President Joe Biden’s Department of Justice pledged Monday to protect abortion seekers in Texas in the wake of the Supreme Court’s 5-4 decision not to block state law prohibiting abortion after six weeks.
Attorney General Merrick Garland said in a statement that his agency will “protect those seeking to obtain or provide reproductive health services” under a federal law referred to as the Freedom of Access to Clinic Entrances Act.
“The department will provide support from federal law enforcement when an abortion clinic or reproductive health center is under attack,” he added. “We will not tolerate violence against those seeking to obtain or provide reproductive health services, physical obstruction or property damage in violation of the FACE Act.”
Garland also affirmed that DOJ prosecutors are working around the clock to find ways to take on the Texas the law, saying his agency will “protect the constitutional rights of women and other persons, including access to an abortion.”
Garland’s remarks come after White House chief of staff Ron Klain said the Biden administration would use “legal remedies to protect women who are seeking to exercise their constitutional rights” of receiving an abortion in Texas.
He told CNN on Sunday:
We have the best lawyers at the Justice Department looking for legal remedies to protect women who are seeking to exercise their constitutional rights. We have the team at HHS looking at what means we can do to try to get women the healthcare services they need in the face of this Texas law, and we have the gender policy counsel here at the White House, the first time a president’s ever had a policy counsel devoted to gender issues coordinating all this work to bring options forward for the president and the vice president.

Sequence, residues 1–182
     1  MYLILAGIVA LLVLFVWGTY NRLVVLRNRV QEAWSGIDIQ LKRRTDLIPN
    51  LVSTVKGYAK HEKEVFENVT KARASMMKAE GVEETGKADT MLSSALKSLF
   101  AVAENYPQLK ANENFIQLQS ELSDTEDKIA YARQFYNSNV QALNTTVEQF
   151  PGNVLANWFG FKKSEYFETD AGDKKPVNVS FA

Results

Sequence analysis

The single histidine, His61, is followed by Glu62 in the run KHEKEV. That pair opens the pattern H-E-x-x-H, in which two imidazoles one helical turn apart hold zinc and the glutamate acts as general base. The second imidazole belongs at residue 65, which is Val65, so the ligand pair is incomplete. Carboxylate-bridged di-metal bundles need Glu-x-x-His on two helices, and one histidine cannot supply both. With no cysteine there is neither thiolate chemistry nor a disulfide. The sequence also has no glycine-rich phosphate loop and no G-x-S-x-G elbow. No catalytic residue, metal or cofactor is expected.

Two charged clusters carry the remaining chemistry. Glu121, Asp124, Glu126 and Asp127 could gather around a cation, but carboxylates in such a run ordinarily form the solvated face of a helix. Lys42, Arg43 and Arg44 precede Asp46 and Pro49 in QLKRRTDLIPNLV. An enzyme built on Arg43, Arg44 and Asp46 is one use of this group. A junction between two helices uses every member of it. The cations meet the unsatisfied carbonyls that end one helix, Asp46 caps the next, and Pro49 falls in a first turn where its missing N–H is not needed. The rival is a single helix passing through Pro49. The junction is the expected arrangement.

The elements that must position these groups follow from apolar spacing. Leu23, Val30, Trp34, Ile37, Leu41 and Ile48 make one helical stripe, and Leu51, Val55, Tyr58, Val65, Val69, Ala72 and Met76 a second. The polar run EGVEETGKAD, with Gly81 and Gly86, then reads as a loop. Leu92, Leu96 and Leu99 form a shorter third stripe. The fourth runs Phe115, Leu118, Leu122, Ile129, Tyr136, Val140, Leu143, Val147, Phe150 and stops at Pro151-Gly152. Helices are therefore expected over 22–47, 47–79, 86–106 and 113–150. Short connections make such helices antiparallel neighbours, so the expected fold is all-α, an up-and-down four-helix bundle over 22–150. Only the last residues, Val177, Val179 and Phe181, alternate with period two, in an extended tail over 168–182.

On Saturday, a judge has temporarily barred some Texas abortion facilities from facing legal action by the state’s largest anti-abortion organization.
The temporary restraining order was issued Friday by District Judge Maya Guerra Gamble in Austin in response to a Planned Parenthood request. Although the law remains in effect, the judge’s order shields Planned Parenthood’s clinics, specifically, from whistleblower lawsuits by the nonprofit group Texas Right to Life, its legislative director, and people working in concert with the group.
A hearing on a preliminary injunction request is scheduled for September 13. The temporary restraining order only shields Planned Parenthood clinics from Texas Right to Life lawsuits and doesn’t prevent Texas Right to Life from suing non-Planned Parenthood abortion clinics in the state. It also doesn’t prevent people who aren’t affiliated with Texas Right to Life from suing Planned Parenthood.
The Associated Press contributed to this report.